Things do not change; we change – Thoreau
While I spend most of my professional time these days as a coach for leaders and their teams, I wasn’t always comfortable with the idea of leadership.
Or more specifically, the concept of my own leadership.
You might have called me a reluctant leader.
As a young professional, I wasn’t exactly looking for leadership opportunities. Instead, they wound up finding me.
It started with people asking me to do something. Their sentences would start like this: “You know, have you ever thought of….?” Or this: “I think you’d be really good at…”
Half the time, I wondered if they were talking to someone else: maybe they actually directing their suggestions to someone over my shoulder (…please, I hoped).
But they weren’t.
So, because someone asked me, I became the president of the state affiliate of my professional association.
I became president of the board of my food co-op, because someone asked me.
I became the supervisor to 10 of my former colleagues, most of whom were 20 years older than me. Because someone thought I could, and suggested I apply for the acting position.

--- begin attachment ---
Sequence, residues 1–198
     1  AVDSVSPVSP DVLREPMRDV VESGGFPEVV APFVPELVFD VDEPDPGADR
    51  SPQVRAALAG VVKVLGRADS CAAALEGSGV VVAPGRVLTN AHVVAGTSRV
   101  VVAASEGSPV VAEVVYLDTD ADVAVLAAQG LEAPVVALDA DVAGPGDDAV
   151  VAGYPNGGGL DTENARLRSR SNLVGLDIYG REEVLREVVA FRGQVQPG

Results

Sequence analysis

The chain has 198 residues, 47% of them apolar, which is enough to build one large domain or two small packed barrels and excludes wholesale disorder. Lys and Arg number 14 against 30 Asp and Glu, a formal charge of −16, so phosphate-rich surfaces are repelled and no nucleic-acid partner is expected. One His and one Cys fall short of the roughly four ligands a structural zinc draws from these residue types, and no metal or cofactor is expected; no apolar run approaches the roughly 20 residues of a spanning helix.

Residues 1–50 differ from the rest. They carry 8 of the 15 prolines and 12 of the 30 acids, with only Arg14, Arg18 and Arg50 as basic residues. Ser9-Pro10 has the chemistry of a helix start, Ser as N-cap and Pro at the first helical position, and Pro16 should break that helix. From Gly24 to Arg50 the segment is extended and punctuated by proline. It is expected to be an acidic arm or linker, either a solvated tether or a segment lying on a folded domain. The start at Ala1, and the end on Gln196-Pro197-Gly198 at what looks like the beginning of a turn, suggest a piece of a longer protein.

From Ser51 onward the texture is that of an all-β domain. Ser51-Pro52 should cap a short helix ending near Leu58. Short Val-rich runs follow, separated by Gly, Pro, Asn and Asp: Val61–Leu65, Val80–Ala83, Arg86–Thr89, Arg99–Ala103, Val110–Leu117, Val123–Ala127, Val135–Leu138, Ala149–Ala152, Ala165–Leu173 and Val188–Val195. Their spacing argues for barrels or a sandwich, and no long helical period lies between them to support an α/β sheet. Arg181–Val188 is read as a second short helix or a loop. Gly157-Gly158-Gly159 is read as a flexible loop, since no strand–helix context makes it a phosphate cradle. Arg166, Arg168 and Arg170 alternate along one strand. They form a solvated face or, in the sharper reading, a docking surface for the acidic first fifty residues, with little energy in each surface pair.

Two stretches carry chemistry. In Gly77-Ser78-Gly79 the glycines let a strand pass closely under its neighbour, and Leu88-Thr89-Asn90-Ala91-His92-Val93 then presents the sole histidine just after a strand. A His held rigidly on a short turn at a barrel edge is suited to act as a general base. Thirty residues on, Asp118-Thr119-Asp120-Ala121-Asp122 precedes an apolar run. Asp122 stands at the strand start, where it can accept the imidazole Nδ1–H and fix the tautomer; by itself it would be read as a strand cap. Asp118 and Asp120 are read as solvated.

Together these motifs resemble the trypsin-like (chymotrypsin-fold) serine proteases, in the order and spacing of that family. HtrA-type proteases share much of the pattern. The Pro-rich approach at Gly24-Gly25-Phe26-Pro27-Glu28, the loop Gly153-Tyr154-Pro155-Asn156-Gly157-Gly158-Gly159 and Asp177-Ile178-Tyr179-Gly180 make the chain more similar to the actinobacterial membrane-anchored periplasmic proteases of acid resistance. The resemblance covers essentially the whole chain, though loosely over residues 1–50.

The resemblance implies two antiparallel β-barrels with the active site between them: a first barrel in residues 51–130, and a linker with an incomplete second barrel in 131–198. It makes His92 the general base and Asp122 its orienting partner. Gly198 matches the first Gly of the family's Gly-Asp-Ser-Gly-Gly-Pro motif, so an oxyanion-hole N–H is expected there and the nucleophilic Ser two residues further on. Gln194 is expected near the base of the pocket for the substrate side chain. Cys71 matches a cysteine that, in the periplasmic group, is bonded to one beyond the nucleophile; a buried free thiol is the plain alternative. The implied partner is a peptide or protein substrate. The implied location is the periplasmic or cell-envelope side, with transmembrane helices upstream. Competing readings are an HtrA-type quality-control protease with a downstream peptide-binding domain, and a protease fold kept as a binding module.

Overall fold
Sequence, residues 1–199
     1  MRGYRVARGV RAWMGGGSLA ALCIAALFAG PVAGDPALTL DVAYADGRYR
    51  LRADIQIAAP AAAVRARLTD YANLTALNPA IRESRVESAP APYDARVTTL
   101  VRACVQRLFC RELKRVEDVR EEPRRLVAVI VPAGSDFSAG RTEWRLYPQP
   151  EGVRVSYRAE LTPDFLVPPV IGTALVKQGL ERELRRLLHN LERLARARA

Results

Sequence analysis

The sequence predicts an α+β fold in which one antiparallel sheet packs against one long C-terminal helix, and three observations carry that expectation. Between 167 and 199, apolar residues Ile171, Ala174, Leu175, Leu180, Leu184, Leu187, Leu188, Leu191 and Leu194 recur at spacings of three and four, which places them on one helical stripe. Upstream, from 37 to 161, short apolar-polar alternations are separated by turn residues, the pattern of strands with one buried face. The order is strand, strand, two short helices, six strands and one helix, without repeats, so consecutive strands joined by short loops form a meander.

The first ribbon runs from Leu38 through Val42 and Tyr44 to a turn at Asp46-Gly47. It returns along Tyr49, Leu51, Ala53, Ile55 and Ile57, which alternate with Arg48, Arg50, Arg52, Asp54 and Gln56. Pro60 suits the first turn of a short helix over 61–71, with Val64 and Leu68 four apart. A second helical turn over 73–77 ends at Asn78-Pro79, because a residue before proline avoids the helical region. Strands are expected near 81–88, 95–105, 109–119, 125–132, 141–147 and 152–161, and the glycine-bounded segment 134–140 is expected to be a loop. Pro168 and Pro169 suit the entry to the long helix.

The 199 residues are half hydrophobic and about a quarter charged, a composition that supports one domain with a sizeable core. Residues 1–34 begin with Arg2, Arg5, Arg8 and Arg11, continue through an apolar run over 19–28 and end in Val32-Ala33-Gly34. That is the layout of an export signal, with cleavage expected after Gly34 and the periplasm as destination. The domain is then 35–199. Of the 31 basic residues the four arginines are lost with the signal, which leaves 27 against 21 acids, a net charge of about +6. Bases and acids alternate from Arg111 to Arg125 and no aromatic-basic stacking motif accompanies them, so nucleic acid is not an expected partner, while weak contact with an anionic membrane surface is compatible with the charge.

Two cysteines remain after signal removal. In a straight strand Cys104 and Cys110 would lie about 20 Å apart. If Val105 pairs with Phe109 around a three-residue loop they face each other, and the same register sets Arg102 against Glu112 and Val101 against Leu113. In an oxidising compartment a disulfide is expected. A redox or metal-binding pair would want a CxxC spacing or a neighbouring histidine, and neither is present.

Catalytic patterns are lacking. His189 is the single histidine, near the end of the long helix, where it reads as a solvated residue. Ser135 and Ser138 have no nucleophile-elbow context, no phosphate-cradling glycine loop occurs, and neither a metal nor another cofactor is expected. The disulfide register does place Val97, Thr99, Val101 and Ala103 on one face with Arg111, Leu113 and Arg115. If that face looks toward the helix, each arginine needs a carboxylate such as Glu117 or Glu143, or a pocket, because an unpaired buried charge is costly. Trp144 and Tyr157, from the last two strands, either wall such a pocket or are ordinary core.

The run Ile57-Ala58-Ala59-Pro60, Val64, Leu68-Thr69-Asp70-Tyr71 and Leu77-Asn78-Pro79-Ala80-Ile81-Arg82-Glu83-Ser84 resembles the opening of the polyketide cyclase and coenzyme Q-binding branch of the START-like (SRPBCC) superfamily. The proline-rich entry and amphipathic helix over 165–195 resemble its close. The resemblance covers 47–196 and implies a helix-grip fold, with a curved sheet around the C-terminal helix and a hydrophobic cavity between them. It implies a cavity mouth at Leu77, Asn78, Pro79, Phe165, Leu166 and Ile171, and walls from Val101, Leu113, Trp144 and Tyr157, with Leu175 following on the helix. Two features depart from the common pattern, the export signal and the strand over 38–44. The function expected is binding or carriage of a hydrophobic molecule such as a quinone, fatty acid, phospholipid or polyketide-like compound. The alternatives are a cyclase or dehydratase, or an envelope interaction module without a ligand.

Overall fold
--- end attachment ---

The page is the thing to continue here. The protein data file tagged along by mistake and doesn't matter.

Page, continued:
I wasn’t exactly chomping at the bit for these opportunities.
Sure, I thought I was competent, but who, me? A leader?
Clearly, other people saw something in me that I couldn’t see.
And as I stepped into these and other roles, I slowly became the leader that others saw in me.
Why was I oblivious to what was seemingly obvious to others?
Maybe my problem was that I had a faulty view of what being a leader meant: omnipotent, all-knowing and directive.
Now I know, as one of my mentors says, that a leader is someone who takes responsibility for their world.
Maybe I thought my voice didn’t matter, that I needed permission or approval, or that I didn’t have enough experience. Now I know that even my smallest contributions can help make the way clearer.
Last weekend, as I guided 100 people through a deep discussion and discernment process, I can clearly see the leader I am now: willing, responsible and brave.
Not waiting to be asked anymore, now I know I’m the leader others could see in me so many years ago.
In the Comments below, what’s your story? When have you been a reluctant leader? How did you shift to being the leader you are today?
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